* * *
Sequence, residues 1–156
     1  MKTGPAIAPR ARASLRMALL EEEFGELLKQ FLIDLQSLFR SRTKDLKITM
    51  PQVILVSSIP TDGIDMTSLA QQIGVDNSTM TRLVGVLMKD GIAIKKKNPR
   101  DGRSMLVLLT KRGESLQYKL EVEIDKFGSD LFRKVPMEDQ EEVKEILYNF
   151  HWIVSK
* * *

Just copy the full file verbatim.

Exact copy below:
Sequence, residues 1–156
     1  MKTGPAIAPR ARASLRMALL EEEFGELLKQ FLIDLQSLFR SRTKDLKITM
    51  PQVILVSSIP TDGIDMTSLA QQIGVDNSTM TRLVGVLMKD GIAIKKKNPR
   101  DGRSMLVLLT KRGESLQYKL EVEIDKFGSD LFRKVPMEDQ EEVKEILYNF
   151  HWIVSK